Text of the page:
Skip to content

Freedoms

I got the nudge to write this some time ago but I have been putting it off. It’s one thing to say that I am going to plunge into the taboo zone and quite another to actually go there. But here I find myself, sitting at my computer and typing…

 

One subject that has come up lately is the subject of religious freedoms in America. It is a truly wonderful thing to beĀ guaranteed the “free exercise” of our religion by the First Amendment but there is some debate on what exactly that means. I have always understood that each of our rights end when exercising them then infringes on the rights of others. It’s perfectly fine for me to have my faith but I cannot force you to abide by it as well. This is one of the most fundamental reasons that those first settlers came to find a new land and establish a new country.

At this point in time, there are many Christians who want to be able to deny business services to certain people because they say it violates their beliefs to do so. There are other Christians who don’t want to provide certain medical services to their employees, again, because it violates their beliefs. As a fellow Christian, I would beg to differ. As Christians, we are called to simply love God and love others, all others, regardless of whether they share our beliefs or practices. We ourselves have been given free will, the ability to choose whether or not to accept God and the Bible, so how is it that we would feel the need to deny this choice to others? I would argue that we all want to be granted the right to choose for ourselves how to live, and to discriminate against anyone in business would be anything but loving.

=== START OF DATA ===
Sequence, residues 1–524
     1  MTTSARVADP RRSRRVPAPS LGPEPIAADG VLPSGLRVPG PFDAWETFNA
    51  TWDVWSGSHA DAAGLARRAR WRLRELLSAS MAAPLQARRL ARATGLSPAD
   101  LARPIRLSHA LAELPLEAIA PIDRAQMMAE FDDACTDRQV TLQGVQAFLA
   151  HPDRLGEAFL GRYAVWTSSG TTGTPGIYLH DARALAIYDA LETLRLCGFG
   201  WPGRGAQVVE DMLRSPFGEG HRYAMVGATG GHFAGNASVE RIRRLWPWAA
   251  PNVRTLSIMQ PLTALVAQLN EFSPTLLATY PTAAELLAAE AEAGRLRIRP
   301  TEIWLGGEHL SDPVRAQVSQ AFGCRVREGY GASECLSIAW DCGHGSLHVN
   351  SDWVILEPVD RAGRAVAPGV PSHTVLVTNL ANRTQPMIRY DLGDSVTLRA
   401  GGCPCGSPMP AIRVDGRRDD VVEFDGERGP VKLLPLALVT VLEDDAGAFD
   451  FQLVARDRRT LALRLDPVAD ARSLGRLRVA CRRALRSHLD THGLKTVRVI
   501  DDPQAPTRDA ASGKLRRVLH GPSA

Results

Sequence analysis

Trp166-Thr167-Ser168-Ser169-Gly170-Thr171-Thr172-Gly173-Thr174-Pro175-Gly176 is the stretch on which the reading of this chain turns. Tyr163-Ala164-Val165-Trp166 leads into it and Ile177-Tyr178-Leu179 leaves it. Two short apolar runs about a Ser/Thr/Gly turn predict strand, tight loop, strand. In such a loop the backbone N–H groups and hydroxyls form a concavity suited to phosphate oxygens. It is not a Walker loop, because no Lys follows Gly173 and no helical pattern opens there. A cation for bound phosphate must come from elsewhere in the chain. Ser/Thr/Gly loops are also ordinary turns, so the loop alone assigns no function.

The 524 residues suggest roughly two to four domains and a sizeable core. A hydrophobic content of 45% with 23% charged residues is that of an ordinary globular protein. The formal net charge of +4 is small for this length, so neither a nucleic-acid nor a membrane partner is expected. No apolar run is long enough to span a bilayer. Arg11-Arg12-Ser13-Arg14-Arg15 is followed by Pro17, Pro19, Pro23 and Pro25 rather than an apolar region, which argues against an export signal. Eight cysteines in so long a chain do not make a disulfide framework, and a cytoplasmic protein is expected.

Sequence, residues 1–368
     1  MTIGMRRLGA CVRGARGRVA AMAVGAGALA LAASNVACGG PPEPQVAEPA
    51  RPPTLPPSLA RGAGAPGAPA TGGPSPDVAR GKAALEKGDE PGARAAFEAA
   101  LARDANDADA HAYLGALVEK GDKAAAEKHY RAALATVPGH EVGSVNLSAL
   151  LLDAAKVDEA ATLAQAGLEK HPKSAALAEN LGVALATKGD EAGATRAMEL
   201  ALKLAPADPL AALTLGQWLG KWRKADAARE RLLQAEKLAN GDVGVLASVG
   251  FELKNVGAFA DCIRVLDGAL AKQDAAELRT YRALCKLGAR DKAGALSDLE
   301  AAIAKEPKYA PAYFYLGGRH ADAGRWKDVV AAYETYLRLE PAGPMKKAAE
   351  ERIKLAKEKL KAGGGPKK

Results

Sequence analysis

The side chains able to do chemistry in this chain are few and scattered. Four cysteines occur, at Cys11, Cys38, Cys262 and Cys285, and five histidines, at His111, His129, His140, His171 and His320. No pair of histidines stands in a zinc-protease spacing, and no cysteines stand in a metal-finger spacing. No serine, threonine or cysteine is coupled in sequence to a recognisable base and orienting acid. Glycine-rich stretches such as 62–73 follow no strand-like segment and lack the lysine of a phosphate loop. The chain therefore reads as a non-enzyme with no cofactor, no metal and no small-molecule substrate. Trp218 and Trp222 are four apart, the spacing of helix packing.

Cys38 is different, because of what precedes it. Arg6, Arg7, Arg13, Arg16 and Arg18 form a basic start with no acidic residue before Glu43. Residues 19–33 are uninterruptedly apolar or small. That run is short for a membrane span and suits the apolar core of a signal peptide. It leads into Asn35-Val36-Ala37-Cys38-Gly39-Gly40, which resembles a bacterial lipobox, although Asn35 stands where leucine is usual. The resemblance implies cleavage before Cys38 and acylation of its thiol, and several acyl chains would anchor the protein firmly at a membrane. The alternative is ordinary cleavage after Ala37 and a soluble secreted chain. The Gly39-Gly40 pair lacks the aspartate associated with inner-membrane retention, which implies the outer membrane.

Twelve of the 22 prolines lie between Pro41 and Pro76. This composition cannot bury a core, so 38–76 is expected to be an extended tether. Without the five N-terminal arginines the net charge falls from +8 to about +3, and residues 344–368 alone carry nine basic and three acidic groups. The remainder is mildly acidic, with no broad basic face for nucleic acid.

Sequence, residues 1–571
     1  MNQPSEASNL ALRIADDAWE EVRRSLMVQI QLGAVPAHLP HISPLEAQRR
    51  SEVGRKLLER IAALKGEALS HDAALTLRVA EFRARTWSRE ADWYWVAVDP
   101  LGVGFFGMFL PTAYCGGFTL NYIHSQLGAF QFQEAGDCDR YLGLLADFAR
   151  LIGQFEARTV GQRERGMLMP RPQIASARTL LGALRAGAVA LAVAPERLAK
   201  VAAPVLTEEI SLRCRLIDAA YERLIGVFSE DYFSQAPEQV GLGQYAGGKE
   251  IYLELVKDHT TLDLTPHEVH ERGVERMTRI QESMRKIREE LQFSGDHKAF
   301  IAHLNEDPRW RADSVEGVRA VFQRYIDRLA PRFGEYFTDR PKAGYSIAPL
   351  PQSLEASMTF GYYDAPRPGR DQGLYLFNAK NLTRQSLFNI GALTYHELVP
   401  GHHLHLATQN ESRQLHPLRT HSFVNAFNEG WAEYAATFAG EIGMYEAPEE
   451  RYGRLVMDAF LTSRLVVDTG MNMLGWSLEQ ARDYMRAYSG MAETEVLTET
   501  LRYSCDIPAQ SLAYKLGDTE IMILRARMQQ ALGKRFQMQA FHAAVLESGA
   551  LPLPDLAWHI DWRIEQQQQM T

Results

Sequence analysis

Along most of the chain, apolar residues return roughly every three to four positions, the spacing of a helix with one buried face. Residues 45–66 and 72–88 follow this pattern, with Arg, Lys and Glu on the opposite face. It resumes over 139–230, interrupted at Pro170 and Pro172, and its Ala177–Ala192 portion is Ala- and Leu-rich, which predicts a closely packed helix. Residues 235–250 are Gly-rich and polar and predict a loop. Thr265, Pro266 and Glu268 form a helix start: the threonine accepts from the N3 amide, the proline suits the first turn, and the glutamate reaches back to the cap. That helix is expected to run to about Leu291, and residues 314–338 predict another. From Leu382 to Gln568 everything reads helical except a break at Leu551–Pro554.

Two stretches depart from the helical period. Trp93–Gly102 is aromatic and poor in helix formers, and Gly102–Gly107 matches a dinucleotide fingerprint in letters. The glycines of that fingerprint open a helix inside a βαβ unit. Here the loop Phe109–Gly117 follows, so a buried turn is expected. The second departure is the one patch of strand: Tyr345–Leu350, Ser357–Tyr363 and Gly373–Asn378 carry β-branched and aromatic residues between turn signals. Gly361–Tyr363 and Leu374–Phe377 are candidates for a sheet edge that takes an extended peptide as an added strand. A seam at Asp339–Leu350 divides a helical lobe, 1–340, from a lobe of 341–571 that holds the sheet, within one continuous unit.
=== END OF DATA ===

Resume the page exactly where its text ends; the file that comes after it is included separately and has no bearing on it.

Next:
“Faith, Hope & Love” Photo transfers and mixed media on 24×16″ cradled wood panel by Judith Monroe. Currently available through Xanadu Gallery.

When Jesus walked on this earth, he hung out with the ones in society that the religious people of the day would not have been caught dead with, quite literally. The lowest of the low-lifes, the outcast and the downtrodden, those were the people that Jesus associated with. These folks were certainly not following God’s laws or living pure lives, yet never did he tell someone that serving them violated his beliefs, never did he try to control what choices they had or what they did. He just loved them and treated them with respect, and by doing so he gained their trust and was able to teach them about God.

Never did he force himself or his ways on anyone. When he did have harsh words and anger, it was actually for those who were following the rules and acting as if that made them somehow better than others. We are supposed to be emulators of Jesus’ life, so how can it be that we would try to control others or force them to abide by some rules we feel they have to follow? Why would we not serve them wherever they are with love and respect?

Jesus did not consider his rights to be more important than others, but instead he actually gave up his rights to help all of humanity, to sacrifice himself out of love, not because we followed the rules or because we deserved it. If we are to truly follow his lead, we should also be humbly and lovingly serving people, offering them whatever help we can, not because they are following some set of rules but because this is how we share the love of Christ.

“Faith, Hope & Love” at Xanadu Gallery

Be First to Comment

Leave a Reply